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🍵 Asian wins at the Oscars

To: SharkBites Readers

Date: March 13, 2023


Hello, everyone! 

It was a historic night of nominations and wins for Asians at the 95th Academy Awards.

“Everything Everywhere All at Once” (“EEAAO”) won seven Oscars of their 11 nominations, including Best Picture.

Michelle Yeoh also made history at the award ceremony by becoming the first Asian woman since Merle Oberon to win Best Actress. Ke Huy Quan received a standing ovation after winning Best Supporting Actor. Quan is now the second actor of Asian descent to win this award, the first being Haing Ngor, a Chinese Cambodian refugee who won for his role in Roland Joffé’s 1984 film “The Killing Fields.” Outside of acting, the co-directors, the Daniels took home the Best Director award. They also won for Best Original Screenplay. Jamie Lee Curtis won her first Oscar for Best Supporting Actress and Paul Rogers won for Best Editing for EEAAO. 

Hong Chau was a nominee for Best Supporting Actress for “The Whale.” This year marked the first time four Asians were nominated for acting awards at the Oscars. Domee Shi, director of “Turning Red,” was also in attendance with star Rosalie Chiang for their Best Animated Feature nomination. 

Aside from EEAAO, Bollywood hit “RRR” won Best Original Song for “Naatu Naatu,” which was also performed at the awards. Stephanie Hsu also performed for “This Is A Life,” which was nominated for Best Original Song. Indian film “The Elephant Whisperers” won for documentary short. Judy Chen, who was a part of the hair and makeup team for “The Whale,” also won. 

Some other notable Asian stars in attendance were Donnie Yen, Vanessa Hudgens, Deepika Padukone, and Fan Bingbing, to name a few.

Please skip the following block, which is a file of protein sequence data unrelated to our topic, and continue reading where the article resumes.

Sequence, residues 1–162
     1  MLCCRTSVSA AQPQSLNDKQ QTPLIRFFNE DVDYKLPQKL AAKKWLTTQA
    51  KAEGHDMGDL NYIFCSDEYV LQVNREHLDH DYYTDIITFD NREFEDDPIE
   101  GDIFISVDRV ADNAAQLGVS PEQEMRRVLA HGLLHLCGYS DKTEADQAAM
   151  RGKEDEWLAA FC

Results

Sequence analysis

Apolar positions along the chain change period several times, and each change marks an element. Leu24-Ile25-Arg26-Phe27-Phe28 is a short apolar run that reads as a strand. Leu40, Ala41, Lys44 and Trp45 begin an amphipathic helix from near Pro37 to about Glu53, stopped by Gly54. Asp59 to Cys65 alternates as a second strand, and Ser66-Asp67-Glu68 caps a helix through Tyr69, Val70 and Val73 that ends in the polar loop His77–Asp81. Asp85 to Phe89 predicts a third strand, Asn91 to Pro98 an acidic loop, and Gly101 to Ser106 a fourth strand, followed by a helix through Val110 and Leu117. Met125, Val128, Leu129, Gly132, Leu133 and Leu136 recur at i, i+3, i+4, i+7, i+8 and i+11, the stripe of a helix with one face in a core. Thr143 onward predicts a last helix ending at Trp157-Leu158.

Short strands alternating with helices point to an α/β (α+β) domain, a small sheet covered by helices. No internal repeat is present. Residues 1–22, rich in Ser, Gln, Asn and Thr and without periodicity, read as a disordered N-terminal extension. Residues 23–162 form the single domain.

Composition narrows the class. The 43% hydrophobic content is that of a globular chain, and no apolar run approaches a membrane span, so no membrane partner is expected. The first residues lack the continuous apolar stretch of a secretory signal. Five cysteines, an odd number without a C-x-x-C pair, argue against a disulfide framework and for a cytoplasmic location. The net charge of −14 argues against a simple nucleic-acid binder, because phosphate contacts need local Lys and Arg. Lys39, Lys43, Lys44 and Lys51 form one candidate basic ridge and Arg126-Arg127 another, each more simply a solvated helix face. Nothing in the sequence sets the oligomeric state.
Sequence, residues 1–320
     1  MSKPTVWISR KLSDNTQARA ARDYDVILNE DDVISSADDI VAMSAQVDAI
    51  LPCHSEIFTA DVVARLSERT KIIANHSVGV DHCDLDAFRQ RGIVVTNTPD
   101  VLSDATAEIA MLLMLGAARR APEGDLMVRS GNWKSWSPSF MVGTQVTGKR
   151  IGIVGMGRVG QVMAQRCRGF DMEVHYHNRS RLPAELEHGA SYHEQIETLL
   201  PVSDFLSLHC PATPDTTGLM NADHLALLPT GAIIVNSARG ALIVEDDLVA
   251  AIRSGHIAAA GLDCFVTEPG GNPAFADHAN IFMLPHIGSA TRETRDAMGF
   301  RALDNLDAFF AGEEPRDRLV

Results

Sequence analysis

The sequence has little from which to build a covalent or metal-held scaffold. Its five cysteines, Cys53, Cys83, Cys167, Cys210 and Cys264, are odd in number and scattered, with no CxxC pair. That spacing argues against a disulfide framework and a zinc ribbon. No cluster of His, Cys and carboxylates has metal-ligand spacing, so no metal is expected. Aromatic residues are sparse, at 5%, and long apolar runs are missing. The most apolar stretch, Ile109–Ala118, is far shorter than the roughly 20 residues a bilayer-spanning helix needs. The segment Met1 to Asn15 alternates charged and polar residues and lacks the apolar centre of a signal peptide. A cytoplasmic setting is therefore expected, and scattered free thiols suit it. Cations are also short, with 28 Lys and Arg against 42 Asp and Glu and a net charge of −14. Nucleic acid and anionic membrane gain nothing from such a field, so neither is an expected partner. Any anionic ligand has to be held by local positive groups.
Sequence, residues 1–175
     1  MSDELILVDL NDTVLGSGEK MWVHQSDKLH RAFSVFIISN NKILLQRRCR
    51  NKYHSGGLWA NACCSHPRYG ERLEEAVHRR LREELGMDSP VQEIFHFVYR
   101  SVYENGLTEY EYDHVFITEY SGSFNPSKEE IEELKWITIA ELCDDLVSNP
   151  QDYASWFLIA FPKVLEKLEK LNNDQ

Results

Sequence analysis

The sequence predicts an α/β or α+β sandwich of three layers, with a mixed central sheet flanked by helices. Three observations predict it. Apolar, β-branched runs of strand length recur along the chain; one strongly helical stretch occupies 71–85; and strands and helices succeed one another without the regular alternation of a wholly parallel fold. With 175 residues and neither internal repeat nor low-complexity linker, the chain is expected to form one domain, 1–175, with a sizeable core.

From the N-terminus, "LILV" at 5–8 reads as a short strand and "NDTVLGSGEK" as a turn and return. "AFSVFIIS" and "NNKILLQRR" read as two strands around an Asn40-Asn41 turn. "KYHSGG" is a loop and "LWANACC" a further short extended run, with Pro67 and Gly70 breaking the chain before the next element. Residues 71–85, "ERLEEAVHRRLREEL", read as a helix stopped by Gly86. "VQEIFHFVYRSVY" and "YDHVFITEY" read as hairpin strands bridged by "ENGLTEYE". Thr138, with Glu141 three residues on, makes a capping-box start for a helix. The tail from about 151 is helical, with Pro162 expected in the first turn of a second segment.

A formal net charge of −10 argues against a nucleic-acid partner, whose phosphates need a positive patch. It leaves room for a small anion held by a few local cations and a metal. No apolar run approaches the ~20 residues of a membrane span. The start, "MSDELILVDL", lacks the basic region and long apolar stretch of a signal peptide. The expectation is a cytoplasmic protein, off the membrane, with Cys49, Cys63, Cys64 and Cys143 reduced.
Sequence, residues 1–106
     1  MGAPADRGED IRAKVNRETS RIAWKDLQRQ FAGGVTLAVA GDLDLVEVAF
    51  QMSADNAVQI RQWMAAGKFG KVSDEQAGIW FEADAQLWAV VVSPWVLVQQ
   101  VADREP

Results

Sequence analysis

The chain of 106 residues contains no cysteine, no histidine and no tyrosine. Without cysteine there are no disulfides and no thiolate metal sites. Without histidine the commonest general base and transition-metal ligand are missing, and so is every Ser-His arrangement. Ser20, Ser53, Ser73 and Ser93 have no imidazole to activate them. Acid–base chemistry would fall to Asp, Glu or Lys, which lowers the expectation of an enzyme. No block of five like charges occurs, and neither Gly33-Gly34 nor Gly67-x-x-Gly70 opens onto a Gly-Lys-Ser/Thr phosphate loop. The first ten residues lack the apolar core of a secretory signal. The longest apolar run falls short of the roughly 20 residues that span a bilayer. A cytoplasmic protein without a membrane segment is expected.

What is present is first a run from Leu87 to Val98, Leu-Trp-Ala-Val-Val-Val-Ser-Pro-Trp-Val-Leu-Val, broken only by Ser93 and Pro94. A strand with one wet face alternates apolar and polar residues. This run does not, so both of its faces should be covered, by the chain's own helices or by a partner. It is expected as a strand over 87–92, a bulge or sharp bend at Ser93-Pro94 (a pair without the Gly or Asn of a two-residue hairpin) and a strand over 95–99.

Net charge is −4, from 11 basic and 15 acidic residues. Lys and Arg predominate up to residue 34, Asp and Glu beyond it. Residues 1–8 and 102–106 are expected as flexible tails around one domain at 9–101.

EEAAO cast
In Other Asian News 🗞
  • Kenzaburo Oe, a renowned Japanese author and Nobel Prize winner known for his pacifist views, has died at the age of 88 due to "old age," according to his publisher Kodansha. Oe's writing was heavily influenced by his childhood memories, having grown up in Japan after its defeat in World War II. His works often explored the impact of war and the plight of the atomic bombing of Hiroshima, and he was also an advocate for Japan to relinquish nuclear power following the 2011 Fukushima nuclear accident.
Entertainment 📺
  • “Chang Can Dunk” star Bloom Li spoke with NextShark about how his feature-length movie debut has personally resonated with him as an Asian American actor. The feature film from Disney Plus centers on a marginalized Asian American teen and basketball fan who makes a bet with his school’s all-star basketball player in order to impress his crush and gain the respect of his peers. The bet? Bernard Chang, a 5 ’8”-tall 16-year-old, will make a slam dunk. 
Bloom Li
courtesy of Disney+
What else is on our minds? 🧠
  • A fan compiled hundreds of interviews from Nintendo’s Shigeru Miyamoto. 
  • The Studio Ghibli theme park is running into an issue of men filming themselves groping the characters. 
  • Netflix released the documentary "MH370: The Plane that Disappeared" about the missing Malaysian airlines flight. 
  • The Japanese man who was discovered to only change the bathwater twice a year in his inn has died of suicide.
  • Mukesh Ambani will relaunch a soda brand from the 1970s that rivaled Coca-Cola and Pepsi.

Congrats to all the Oscar winners and nominees!


Daniel Anderson

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